Guido delle Colonne described fundamental causes of the Trojan War

men fighting men in Trojan War

Prince Paris, who had eloped with Helen of Troy, hung back from entering the terrible, man-on-man violence of the Trojan War. Paris lingered in his bedroom with Helen. His brother Hector berated him:

What on earth are you doing? Oh how wrong it is,
this anger you keep smoldering in your heart! Look,
your people dying around the city, the steep walls,
dying in arms — and all for you, the battle cries
and the fighting flaring up around the citadel.
You’d be the first to lash out at another — anywhere —
you saw hanging back from this, this hateful war.
Up with you —
before all Troy is torched to cinder here and now!

{ δαιμόνι᾽ οὐ μὲν καλὰ χόλον τόνδ᾽ ἔνθεο θυμῷ,
λαοὶ μὲν φθινύθουσι περὶ πτόλιν αἰπύ τε τεῖχος
μαρνάμενοι: σέο δ᾽ εἵνεκ᾽ ἀϋτή τε πτόλεμός τε
ἄστυ τόδ᾽ ἀμφιδέδηε: σὺ δ᾽ ἂν μαχέσαιο καὶ ἄλλῳ,
ὅν τινά που μεθιέντα ἴδοις στυγεροῦ πολέμοιο.
ἀλλ᾽ ἄνα μὴ τάχα ἄστυ πυρὸς δηΐοιο θέρηται. }[1]

Paris explained that Helen had been urging him to battle. He said he would soon join the fighting. Helen in turn lamented to Hector:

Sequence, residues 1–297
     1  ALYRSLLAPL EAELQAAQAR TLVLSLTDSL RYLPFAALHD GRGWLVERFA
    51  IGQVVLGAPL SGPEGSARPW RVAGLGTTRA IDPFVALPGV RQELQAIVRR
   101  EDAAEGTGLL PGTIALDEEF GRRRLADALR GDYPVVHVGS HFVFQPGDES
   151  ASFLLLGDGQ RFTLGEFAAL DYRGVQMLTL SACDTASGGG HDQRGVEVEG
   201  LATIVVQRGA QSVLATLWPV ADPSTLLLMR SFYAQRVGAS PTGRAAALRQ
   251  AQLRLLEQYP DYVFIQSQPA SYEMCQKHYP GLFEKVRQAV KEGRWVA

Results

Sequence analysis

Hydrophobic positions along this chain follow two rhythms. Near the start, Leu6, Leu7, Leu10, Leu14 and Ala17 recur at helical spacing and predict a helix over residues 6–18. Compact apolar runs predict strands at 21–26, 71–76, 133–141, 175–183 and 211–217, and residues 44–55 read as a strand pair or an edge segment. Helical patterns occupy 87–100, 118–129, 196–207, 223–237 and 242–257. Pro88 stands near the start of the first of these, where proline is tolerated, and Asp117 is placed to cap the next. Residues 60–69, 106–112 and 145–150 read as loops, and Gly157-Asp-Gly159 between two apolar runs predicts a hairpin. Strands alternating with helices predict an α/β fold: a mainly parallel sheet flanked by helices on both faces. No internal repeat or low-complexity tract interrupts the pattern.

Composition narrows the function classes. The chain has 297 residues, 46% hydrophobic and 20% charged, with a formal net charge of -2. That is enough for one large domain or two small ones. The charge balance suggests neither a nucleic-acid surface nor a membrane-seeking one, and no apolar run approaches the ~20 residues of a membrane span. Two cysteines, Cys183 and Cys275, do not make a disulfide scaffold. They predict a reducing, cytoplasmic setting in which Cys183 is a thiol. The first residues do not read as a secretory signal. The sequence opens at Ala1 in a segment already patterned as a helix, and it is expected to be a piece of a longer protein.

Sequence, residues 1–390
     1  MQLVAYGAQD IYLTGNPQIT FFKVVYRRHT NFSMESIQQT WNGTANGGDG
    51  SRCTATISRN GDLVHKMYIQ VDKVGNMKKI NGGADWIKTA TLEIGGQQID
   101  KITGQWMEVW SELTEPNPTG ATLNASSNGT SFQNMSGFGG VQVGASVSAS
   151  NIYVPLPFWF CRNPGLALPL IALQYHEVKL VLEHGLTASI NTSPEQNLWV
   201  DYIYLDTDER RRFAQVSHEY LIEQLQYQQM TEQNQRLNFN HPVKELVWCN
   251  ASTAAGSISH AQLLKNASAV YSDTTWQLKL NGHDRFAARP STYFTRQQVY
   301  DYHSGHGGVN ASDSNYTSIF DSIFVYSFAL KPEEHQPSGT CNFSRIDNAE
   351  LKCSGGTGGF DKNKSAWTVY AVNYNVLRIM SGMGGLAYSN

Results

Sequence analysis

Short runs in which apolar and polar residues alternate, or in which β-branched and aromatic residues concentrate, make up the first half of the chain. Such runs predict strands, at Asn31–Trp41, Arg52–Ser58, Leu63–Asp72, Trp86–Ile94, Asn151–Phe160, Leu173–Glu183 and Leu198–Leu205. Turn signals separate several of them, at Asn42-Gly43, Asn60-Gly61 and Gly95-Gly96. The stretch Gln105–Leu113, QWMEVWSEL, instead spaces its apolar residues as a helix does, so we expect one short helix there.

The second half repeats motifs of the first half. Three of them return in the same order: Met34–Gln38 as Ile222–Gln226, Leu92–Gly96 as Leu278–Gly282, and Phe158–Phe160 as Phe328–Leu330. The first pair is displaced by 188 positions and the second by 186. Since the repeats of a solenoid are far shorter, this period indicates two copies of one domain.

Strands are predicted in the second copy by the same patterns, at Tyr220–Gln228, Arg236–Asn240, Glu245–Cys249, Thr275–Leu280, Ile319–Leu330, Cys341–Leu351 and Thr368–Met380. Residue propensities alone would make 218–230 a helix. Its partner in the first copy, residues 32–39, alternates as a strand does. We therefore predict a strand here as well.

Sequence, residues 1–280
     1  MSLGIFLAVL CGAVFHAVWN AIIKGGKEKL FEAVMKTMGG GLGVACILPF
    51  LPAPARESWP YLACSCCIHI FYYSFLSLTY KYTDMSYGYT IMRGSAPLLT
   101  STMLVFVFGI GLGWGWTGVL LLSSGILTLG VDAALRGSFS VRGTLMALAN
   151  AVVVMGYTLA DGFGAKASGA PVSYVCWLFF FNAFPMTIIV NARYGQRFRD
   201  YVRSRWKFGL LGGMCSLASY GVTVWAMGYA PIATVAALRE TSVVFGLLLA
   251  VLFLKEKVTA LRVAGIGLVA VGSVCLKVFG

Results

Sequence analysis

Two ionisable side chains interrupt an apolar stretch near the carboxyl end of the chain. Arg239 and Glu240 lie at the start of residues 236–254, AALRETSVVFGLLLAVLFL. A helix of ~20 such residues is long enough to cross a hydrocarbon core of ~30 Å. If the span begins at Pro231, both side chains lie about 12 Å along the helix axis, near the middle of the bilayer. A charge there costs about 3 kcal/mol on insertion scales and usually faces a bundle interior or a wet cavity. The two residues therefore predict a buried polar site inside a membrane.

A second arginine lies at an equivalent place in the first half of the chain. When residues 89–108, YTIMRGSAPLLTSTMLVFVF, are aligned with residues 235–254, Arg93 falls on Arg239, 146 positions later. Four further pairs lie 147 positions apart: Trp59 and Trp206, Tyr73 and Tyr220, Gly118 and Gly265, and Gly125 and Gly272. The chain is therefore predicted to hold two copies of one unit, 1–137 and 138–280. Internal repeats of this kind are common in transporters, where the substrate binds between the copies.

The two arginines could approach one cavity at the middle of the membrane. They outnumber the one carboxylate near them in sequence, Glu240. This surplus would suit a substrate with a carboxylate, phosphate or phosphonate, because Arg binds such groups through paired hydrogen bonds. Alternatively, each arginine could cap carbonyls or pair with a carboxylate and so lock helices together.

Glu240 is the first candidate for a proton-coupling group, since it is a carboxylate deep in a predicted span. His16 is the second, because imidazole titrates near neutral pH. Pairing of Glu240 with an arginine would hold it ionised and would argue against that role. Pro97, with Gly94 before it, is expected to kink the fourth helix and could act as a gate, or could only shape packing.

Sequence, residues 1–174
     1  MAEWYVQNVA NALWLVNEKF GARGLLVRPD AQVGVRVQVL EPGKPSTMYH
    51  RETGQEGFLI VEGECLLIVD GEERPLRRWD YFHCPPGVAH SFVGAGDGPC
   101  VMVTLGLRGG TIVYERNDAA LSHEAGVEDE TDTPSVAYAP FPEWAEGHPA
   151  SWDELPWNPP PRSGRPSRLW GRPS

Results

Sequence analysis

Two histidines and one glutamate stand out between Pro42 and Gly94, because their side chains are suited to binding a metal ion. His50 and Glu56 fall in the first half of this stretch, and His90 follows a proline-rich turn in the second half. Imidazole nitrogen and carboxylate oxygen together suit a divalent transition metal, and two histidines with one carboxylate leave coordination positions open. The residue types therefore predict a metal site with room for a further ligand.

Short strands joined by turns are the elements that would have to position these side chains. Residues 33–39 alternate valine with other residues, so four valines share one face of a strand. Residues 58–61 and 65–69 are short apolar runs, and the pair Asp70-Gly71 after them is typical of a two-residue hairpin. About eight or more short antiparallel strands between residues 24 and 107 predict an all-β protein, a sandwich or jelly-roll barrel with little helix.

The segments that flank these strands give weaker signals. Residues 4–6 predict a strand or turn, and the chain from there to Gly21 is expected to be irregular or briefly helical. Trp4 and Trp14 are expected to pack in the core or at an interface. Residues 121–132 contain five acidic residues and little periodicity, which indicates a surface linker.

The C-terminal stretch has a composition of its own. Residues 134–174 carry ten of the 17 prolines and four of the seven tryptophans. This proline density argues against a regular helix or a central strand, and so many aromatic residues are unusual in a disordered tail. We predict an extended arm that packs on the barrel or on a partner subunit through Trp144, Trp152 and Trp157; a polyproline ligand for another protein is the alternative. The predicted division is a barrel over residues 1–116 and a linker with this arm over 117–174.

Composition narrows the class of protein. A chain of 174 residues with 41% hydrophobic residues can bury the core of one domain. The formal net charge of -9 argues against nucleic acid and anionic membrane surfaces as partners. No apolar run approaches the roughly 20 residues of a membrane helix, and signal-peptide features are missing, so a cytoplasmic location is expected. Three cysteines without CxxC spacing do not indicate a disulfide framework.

My dear brother,
dear to me, bitch that I am, vicious, scheming —
horror to freeze the heart! Oh how I wish
that first day my mother brought me into the light
some black whirlwind had rushed me out to the mountains
or into the surf where the roaring breakers crash and drag
and the waves had swept me off before all this had happened!

{ δᾶερ ἐμεῖο κυνὸς κακομηχάνου ὀκρυοέσσης,
ὥς μ᾽ ὄφελ᾽ ἤματι τῷ ὅτε με πρῶτον τέκε μήτηρ
οἴχεσθαι προφέρουσα κακὴ ἀνέμοιο θύελλα
εἰς ὄρος ἢ εἰς κῦμα πολυφλοίσβοιο θαλάσσης,
ἔνθά με κῦμ᾽ ἀπόερσε πάρος τάδε ἔργα γενέσθαι. }[2]

Helen spoke with acute personal and political insight. In an account of the Trojan War written about the fifth century GC, Dares Phrygius recounted Achilles’s protest against the war:

Achilles then complained, to any and everyone, that for the sake of one woman, that is, Helen, all Europe and Greece were in arms, and now, for a very long time, thousands of men had been dying. All have been facing perils. … A lasting peace – that was the need. For the sake of one woman, Achilles said, the Greeks were risking their lives, endangering their freedom, and wasting a great deal of time. Thus Achilles demanded peace, and refused to reenter the fighting. … The number of Greeks who fell, according to the journal that Dares Phrygius wrote, was 866,000 men. The number of the Trojans who fell was 676,000 men.